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History Month Fact 25: Samuel Barfield

Samuel Barfield wrote the book "Thatcham, Berks, and its Manors" but died in 1899, before it could be published. James Parker took on the material and had it published in 1901. To this day the book remains one of the most complete histories of Thatcham. It is spread over two volumes, one containing the appendices which has much of the source material used in the research for the book...Read more

History Month Fact 24: Employment

For those who could not find employment here in Thatcham in the late nineteenth-century, but who were young enough to risk trying to make a fresh start, there was always emigration. Thousands of people left England in the nineteenth-century to seek a new life in a new country, including many from Thatcham. A “goodbye supper” was held on the evening of Monday, 9th March, 1891, at the “Wheatsheaf” for “Three Colonists” about to leave Thatcham - Albert Hobbs (the landlady's son), Albert Lavender and Robert heeler. They were emigrating to Manitoba, Canada...Read more

History Month Fact 23: St Mark's Church

The foundation stone of St Mark's church in Cold Ash is laid in 1864. The church is consecrated in 1865 and a "district Chapelry" in the parish of Thatcham is formed. The architect of the church is C.N.Beazley. The first vicar is Wallis Marmaduke Pickthall, who lives in Vicarage House in Collaroy Road until his death in 1875...Read more

History Month Fact 22: British School

John Barfield, solicitor of the Priory in Church Lane, conveys land next to the Independent Chapel in Church Lane to be used for the British School (Non conformist). It opens in 1847 largely as result of the efforts of Mrs Barfield.Read more

History Month Fact 21: Thatcham Workhouse

Edward Winbolt, master of Thatcham workhouse, dies in 1835. The workhouse closes in 1837, becoming a private house that is later split into four cottages. It had probably existed from c.1782 or earlier.Read more

History Month Fact 20: Swing Riots

The Swing Riots start in Berkshire at Thatcham in 1830. A small group of labourers tours the local farms collecting others, and up to 300 gather in the churchyard to ask for more work and higher wages. They are met by members of the Select Vestry who offer work but no extra pay.Read more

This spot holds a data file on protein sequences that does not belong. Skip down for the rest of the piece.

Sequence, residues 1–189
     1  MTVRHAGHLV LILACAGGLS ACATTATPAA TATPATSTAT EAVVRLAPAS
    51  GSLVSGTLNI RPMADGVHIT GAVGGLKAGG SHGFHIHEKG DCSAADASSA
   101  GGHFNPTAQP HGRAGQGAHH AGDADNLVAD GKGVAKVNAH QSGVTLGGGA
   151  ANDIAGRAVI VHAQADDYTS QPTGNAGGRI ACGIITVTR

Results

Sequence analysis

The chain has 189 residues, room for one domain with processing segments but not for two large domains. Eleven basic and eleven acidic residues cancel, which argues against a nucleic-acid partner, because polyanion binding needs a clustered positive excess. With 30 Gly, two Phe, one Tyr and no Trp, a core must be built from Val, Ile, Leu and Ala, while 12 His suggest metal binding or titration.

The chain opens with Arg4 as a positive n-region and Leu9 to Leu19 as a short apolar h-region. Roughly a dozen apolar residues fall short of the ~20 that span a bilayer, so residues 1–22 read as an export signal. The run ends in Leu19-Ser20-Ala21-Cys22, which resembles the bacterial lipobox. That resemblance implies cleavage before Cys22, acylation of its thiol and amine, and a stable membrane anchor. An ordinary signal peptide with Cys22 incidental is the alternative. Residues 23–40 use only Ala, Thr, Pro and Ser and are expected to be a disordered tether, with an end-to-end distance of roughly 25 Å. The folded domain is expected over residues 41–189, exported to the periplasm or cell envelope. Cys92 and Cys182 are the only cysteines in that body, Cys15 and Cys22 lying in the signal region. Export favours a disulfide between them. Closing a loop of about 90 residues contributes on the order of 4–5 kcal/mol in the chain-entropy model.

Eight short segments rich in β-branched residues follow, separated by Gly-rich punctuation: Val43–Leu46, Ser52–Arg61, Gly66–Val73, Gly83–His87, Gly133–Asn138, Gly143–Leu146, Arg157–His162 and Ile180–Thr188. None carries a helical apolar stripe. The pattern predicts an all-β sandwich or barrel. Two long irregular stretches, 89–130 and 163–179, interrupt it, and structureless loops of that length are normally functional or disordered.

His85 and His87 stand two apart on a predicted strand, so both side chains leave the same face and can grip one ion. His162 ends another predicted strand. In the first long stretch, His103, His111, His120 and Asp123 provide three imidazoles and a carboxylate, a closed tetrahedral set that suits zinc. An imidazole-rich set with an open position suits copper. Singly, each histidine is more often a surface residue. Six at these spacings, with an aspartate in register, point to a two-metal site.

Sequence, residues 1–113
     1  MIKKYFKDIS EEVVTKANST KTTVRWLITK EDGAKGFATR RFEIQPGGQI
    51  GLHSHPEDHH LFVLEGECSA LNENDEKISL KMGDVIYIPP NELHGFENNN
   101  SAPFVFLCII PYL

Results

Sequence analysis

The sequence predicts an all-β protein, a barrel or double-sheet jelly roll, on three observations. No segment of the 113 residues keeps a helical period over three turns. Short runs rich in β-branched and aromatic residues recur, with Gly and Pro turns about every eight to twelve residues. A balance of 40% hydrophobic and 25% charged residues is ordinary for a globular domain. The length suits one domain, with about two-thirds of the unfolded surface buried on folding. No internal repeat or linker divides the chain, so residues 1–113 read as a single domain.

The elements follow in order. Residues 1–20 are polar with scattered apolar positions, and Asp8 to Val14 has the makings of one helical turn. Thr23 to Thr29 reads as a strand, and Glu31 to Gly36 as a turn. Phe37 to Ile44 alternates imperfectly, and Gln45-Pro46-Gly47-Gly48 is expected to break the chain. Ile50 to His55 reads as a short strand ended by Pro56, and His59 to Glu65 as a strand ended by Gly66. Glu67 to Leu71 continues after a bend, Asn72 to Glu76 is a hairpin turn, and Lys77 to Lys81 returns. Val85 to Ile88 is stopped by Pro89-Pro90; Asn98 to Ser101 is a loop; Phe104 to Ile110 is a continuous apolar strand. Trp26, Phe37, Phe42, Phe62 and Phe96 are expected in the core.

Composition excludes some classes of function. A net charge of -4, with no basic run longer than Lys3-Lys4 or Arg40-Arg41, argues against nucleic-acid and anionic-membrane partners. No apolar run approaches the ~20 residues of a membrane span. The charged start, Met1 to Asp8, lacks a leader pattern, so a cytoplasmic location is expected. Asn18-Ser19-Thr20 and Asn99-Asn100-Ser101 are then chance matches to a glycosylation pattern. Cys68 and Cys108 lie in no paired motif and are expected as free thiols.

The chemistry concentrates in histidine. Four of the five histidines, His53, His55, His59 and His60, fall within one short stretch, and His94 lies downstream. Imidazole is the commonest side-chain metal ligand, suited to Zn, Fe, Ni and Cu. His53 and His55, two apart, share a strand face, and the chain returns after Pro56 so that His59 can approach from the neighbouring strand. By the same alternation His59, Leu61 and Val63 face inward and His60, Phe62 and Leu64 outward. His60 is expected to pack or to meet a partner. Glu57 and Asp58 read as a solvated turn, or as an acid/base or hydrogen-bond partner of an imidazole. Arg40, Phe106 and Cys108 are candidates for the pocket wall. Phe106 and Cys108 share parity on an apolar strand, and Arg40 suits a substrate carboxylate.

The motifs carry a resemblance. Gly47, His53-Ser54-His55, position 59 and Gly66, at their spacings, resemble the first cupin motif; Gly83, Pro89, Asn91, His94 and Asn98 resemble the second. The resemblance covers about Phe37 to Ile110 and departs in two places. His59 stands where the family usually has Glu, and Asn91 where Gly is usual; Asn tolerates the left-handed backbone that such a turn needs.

Bron: The Girl with the Golden Ankle

For those of you who enjoy historical fiction, the third book in Iris Lloyds BRON series was published last month. Part I, Daughter of Prophecy (ISBN 978-1-906206-07-9 ), and Part II, Flames of Prophecy (ISBN 978-1-906206-23-9 ), take place on a site being excavated at Beedon, north of Newbury. Iris has created an Atrebate settlement there and Bron is born into the village in AD 385, towards the end of the Roman occupation. In Part III, The Girl with the Golden Ankle (ISBN 978-1-906710-35-4 ), she takes ship for Italia and has many adventures and dangers to face before setting foot in Ostia...Read more

History Month Fact 19: Open Fields

Around 1820, the last of Thatcham's open fields are enclosed under the Enclosure Award of 1817. The Award is made mainly on the basis that it will lead to better farming practice, but it is one of the main causes of rural unemployment and depopulation...Read more

History Month Fact 18: Mail Coach Service

A mail coach service is introduced in 1784. Edward Fromont of The King's Head is contracted to provide horses for the first Royal Mail coach. The coaches stop at Cooper's Cottage (where Beverley Close is today) and the King's Head and White Hart inns. The mail coach era lasts until the 1840s when the railway takes over, being cheaper and faster...Read more

History Month Fact 17: Turnpike

Around 1720, the Bath Road through Thatcham is turned into a turnpike; tollhouses are built and tolls are charged for use of the road. One of the tollhouses, known as Thatcham Gate, is built near where Wyevale Garden Centre is today. Sadly the toll house was demolished in 1965.Read more